IR 1010 variety of pressure parboiled brown rice were collected from local rice mill located at Balichak, West Bengal, India. The paddy was soaked for nearly 8 min in cold water and then steamed under pressure at 294.204 kPa for 7 min after that paddy was dried until the moisture content of paddy was reached to 12-14% (w.b.). After reaching the optimum moisture content the paddy was milled by using rubber roll sheller. 150 ml of water per kg of rice was mixed with salt (NaCl) at pre-determined rate so as to arrive its concentration in the final dried mass 0-4% (w/w). This was followed by tempering for about 6 to 8 hours to facilitate diffusion of both water and salt into the kernel. Preconditioning was carried out using hot air at specific temperature (60-80°C) using fluidized-bed dryer (Lab dryer, Basic technology Pvt. Ltd, India). This process was continued until the moisture content reaches around 10% (w.b.). To maintain different moisture contents of sample, preconditioned sample was kept in desiccators containing water to maintain moisture content more than 10% and silica gel to maintain moisture content lower than 10%. The moisture contents of these samples were checked frequently to obtain required moisture content. After attaining desired moisture contents water activity of pre-conditioned rice samples having different moisture contents were noted at different room temperatures (20 ± 1°C, 25 ± 1°C, and 30 ± 1°C) using water activity meter (Rotronic, HygroLab C1).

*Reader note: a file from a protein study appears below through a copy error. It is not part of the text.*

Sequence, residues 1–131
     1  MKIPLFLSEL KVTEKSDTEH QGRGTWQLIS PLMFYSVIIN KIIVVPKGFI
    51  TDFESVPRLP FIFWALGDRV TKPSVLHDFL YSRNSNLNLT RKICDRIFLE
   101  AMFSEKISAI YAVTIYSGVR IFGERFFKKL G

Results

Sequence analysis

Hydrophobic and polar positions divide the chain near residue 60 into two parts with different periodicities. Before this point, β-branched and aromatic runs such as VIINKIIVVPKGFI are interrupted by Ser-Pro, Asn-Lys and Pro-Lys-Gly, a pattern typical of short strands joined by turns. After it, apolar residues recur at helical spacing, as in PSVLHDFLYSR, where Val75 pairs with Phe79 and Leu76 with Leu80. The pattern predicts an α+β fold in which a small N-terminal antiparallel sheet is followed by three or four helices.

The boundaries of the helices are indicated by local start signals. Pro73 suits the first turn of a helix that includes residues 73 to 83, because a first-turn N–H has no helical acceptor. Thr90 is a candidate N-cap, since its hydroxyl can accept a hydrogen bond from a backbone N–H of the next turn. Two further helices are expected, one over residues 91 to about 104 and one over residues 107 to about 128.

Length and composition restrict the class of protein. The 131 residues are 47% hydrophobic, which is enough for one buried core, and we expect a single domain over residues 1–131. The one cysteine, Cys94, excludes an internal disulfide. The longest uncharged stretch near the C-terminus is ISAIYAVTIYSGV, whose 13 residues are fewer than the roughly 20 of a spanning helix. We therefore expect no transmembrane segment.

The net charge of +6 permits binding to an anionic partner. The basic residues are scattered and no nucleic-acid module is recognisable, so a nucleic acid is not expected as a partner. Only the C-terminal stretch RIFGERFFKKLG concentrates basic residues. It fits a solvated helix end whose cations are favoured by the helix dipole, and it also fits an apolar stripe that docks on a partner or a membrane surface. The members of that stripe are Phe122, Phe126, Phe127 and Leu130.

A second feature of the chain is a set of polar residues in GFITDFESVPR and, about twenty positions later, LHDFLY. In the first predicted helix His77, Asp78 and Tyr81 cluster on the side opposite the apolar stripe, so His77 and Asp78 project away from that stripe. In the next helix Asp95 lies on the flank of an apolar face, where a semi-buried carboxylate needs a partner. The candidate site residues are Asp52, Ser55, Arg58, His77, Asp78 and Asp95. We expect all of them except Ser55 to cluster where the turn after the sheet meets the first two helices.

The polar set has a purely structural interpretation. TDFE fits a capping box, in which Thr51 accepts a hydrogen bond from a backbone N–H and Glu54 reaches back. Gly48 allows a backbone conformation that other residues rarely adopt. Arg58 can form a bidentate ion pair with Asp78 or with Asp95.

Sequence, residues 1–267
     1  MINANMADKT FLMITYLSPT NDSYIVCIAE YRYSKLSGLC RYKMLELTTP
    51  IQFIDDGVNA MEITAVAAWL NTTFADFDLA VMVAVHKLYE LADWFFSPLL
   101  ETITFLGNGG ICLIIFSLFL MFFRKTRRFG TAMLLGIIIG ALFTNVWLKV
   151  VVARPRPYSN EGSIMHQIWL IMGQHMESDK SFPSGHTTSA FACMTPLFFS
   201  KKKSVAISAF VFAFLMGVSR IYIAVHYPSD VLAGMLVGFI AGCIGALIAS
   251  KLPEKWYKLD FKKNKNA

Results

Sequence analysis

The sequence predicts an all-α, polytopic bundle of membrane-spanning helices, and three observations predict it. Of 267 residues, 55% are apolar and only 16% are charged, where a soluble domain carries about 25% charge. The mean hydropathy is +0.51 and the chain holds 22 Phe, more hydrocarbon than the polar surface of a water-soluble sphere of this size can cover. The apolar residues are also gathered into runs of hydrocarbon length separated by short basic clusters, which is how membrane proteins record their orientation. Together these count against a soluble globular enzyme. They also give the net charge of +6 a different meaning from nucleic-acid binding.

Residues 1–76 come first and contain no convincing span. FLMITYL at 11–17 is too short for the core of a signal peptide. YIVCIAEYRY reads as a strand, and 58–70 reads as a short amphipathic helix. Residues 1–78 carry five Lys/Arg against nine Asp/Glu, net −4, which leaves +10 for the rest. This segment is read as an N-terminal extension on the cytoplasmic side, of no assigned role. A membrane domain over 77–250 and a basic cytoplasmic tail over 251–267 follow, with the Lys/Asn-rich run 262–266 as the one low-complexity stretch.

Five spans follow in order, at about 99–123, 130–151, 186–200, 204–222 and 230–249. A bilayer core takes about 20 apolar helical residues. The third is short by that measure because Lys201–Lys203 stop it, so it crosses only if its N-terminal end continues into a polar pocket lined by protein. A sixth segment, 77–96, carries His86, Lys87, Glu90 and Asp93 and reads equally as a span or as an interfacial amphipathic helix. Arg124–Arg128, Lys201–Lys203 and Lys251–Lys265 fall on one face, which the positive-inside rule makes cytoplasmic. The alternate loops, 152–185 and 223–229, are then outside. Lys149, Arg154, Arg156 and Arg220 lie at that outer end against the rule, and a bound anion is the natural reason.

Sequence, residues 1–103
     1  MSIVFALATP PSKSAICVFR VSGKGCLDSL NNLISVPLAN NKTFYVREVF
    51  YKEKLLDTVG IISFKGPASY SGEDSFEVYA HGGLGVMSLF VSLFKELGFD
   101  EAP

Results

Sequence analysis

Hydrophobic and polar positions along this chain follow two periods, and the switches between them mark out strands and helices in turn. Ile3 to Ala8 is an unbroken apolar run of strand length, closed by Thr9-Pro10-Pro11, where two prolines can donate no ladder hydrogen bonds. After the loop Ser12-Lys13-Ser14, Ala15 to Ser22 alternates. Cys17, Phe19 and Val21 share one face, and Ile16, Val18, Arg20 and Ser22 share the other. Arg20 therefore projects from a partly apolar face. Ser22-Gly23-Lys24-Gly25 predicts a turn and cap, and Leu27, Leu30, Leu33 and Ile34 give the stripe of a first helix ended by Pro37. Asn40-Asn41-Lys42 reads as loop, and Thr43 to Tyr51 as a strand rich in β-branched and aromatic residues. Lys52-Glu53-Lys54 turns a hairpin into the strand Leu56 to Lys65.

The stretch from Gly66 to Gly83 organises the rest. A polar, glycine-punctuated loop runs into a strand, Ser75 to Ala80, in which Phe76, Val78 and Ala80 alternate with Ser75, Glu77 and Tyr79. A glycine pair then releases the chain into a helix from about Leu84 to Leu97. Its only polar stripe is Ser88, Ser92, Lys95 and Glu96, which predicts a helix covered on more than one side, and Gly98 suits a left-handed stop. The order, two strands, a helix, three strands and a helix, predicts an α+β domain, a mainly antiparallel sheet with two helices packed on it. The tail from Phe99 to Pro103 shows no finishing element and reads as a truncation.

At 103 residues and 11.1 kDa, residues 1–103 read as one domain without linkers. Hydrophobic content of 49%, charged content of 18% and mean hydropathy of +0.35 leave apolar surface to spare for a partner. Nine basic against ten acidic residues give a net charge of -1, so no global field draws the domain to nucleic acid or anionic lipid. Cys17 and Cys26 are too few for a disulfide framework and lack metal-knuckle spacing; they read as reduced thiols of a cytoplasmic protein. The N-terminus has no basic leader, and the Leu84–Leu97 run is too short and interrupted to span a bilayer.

Data analysis
Isotherm models: Experimental moisture sorption data can be described by many sorption models but for this study six isotherm equations were chosen to fit experimental sorption data these are shown in Table 1. Non-linear regression analysis was carried to find out model constants. The extent of fitting of models was evaluated and compared based on three statistical criteria namely coefficient of determination (R2), Root mean square error (RMSE), and reduced-χ2
Root mean square error
                (1)
image          (2)
Where Xobs is observed values and Xmodel is predicted value.
In general, low values of the correlation coefficient, high values of reduced-χ2, and RMSE, means that the model is not able to explain the variation in the experimental data. It is also evident that a single statistical parameter cannot be used to select the best model and the model must always be assessed based on multiple statistical criteria
Net isosteric heat of sorption: The net isosteric heat of sorption (Qst) (differential) is defined as the total heat of sorption in the food minus the heat of vaporisation of water at the system temperature [18]. This thermal property can be determined from calorimetric measurements or more easily from moisture sorption data. The usual procedure to evaluate isosteric heat of sorption from moisture isotherm is based on a Clasius-Clapeyron equation derived equation [19].